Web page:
November 3, 2008 / 10:19 PM / 9 years ago

DNA tests on remains confirm Steve Fossett dead

SAN FRANCISCO (Reuters) - Genetic tests on two bones found near the wreckage of Steve Fossett’s airplane in the California mountains confirm the missing multimillionaire adventurer is dead, local authorities said on Monday.

“A California Department of Justice Forensics lab has determined that items containing DNA -- discovered last week -- match James Stephen Fossett’s DNA,” the Madera County, California, sheriff-coroner’s office said in a statement.

Office spokeswoman Erica Stuart said the match of the DNA in the bones discovered last Wednesday brings her office’s investigation to an end.

“The coroner’s case is closed,” Stuart said.

Fossett widow Peggy Fossett said in a statement she welcomed the news of the DNA match and awaits the conclusion of the National Transportation Safety Board’s probe into her husband’s crash.

Parts of Steve Fossett's small plane which was lost more than a year ago is seen in this picture taken on October 1, 2008 and released to Reuters October 3, 2008. REUTERS/Mono County Sheriff's County SAR/Handout

“I am hopeful that the DNA identification puts a definitive end to all of the speculation surrounding Steve’s death,” she said in a statement provided to Reuters.

“This has been an incredibly difficult time for me, and I am thankful to everyone who helped bring closure to this tragedy,” she said. “I now await the conclusion of the NTSB investigation and findings into the cause of the crash.”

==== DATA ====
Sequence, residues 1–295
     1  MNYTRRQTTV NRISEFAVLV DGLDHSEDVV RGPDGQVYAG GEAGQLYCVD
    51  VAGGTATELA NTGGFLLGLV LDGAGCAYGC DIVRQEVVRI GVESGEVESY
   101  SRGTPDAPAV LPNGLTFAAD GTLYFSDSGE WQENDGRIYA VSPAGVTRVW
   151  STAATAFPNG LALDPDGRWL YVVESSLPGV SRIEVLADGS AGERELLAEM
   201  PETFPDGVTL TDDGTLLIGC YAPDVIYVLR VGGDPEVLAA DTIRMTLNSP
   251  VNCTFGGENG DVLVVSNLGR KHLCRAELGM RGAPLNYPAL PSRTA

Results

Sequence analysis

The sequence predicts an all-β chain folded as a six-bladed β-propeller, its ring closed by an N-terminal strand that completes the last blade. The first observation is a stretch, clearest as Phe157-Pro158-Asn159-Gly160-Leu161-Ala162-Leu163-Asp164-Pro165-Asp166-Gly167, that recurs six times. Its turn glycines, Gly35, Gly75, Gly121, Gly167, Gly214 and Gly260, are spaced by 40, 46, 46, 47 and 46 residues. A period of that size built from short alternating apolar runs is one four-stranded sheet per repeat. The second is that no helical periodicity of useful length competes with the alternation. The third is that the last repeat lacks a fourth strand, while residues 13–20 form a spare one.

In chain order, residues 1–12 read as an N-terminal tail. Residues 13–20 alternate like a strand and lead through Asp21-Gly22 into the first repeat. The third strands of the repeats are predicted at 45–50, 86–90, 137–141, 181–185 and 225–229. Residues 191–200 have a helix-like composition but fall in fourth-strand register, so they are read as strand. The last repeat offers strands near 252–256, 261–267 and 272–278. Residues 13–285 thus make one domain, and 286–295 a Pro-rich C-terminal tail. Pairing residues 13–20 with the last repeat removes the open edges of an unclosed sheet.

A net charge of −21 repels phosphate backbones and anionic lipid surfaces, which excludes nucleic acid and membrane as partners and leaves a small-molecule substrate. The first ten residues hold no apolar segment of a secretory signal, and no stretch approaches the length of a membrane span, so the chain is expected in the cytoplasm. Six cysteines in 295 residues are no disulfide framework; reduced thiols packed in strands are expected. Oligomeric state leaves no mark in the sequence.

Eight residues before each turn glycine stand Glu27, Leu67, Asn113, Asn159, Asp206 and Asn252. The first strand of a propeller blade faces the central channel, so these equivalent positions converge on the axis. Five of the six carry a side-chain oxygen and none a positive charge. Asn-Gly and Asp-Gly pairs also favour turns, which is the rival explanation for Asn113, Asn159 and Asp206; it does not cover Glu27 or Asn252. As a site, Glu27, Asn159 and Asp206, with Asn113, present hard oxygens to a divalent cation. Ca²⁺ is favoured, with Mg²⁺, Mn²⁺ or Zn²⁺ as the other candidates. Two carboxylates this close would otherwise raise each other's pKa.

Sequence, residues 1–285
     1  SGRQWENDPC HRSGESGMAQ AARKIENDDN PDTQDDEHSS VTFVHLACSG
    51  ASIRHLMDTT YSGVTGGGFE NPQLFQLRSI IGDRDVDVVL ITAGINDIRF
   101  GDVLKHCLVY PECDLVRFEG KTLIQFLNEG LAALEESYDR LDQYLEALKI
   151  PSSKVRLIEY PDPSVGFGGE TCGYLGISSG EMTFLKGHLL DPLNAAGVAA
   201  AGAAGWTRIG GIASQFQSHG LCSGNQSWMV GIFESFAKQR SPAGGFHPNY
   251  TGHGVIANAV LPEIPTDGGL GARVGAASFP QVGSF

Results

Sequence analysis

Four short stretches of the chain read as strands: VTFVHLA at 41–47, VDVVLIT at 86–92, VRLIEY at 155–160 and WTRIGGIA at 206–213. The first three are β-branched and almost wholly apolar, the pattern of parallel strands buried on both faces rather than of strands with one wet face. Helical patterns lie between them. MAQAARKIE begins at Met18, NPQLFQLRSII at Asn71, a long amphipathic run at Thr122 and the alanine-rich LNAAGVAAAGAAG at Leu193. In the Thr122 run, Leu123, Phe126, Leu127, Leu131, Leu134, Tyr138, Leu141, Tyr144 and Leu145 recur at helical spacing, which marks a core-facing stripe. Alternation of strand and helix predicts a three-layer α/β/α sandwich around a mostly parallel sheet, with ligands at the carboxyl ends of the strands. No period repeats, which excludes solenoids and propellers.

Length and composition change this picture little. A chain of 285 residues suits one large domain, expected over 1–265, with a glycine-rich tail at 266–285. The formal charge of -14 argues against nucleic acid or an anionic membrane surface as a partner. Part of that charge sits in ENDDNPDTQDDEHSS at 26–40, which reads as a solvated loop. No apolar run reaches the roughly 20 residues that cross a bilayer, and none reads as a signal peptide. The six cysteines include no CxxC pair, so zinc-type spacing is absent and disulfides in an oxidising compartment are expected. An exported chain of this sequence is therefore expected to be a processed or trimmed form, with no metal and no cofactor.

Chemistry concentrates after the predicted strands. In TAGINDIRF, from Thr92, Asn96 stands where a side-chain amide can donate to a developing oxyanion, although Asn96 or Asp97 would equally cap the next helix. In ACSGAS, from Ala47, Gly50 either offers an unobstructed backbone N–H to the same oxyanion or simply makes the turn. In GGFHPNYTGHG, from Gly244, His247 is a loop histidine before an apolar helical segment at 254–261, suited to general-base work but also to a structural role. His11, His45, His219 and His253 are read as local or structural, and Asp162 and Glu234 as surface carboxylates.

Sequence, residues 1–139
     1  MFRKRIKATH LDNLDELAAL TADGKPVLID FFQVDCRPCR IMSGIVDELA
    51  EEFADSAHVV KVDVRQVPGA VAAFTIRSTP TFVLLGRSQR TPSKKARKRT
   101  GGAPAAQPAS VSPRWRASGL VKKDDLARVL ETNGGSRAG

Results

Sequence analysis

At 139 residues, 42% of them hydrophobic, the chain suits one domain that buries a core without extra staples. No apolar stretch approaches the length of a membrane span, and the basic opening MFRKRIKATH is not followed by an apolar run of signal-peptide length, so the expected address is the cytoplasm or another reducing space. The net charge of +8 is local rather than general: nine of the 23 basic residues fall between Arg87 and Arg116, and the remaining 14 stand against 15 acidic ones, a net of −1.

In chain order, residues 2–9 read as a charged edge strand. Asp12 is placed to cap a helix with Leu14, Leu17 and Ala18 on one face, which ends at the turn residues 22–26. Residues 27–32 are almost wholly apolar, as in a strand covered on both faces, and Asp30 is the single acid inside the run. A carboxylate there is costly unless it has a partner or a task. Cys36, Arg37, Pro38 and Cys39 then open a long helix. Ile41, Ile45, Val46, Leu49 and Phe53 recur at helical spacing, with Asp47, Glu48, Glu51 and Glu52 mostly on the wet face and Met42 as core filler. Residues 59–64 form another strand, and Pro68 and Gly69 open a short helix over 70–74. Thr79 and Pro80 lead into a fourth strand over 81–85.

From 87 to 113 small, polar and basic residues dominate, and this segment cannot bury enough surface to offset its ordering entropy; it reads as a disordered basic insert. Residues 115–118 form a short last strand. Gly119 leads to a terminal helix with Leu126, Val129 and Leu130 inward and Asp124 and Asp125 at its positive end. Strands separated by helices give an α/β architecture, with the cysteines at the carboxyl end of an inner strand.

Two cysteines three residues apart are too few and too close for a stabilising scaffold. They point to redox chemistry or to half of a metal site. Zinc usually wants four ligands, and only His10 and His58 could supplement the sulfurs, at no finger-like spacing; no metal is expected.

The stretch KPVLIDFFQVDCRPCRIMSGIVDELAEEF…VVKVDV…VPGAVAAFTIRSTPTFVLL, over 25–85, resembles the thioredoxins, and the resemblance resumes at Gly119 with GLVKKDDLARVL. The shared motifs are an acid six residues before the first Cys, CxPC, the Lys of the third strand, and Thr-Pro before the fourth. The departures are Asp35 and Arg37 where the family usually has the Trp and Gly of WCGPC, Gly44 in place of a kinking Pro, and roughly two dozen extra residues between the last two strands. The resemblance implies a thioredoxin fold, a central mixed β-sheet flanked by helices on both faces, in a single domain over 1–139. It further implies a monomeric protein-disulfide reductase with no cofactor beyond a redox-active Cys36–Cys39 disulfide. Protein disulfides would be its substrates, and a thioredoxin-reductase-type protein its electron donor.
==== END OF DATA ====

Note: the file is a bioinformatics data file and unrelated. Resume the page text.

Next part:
A member of a rescue team walks in the mountain where the wreckage of Steve Fossett's small plane, which was lost more than a year ago, was found October 1, 2008 and released to Reuters October 3, 2008. REUTERS/Mono County Sheriff's SAR/Handout

Fossett, 63, vanished after taking off in a single-engine Bellanca Citabria Super Decathlon on September 3, 2007, from the airstrip of hotel magnate Barron Hilton’s ranch in Nevada, sparking a long and massive search.

Despite weeks of extensive land and air searches, no wreckage was found and Fossett was declared legally dead in February after investigators concluded his plane was destroyed in a fatal accident.

Early last month local authorities discovered the wreckage of the aircraft after a hiker found identification cards belonging to Fossett not far from Yosemite National Park, prompting the search.

Parts of the small plane were scattered on a mountain over a large area at around 10,000 feet near the Nevada border. Search crews initially found a very small amount of human remains, before finding the bones last week.

Editing by Dan Whitcomb and Philip Barbara

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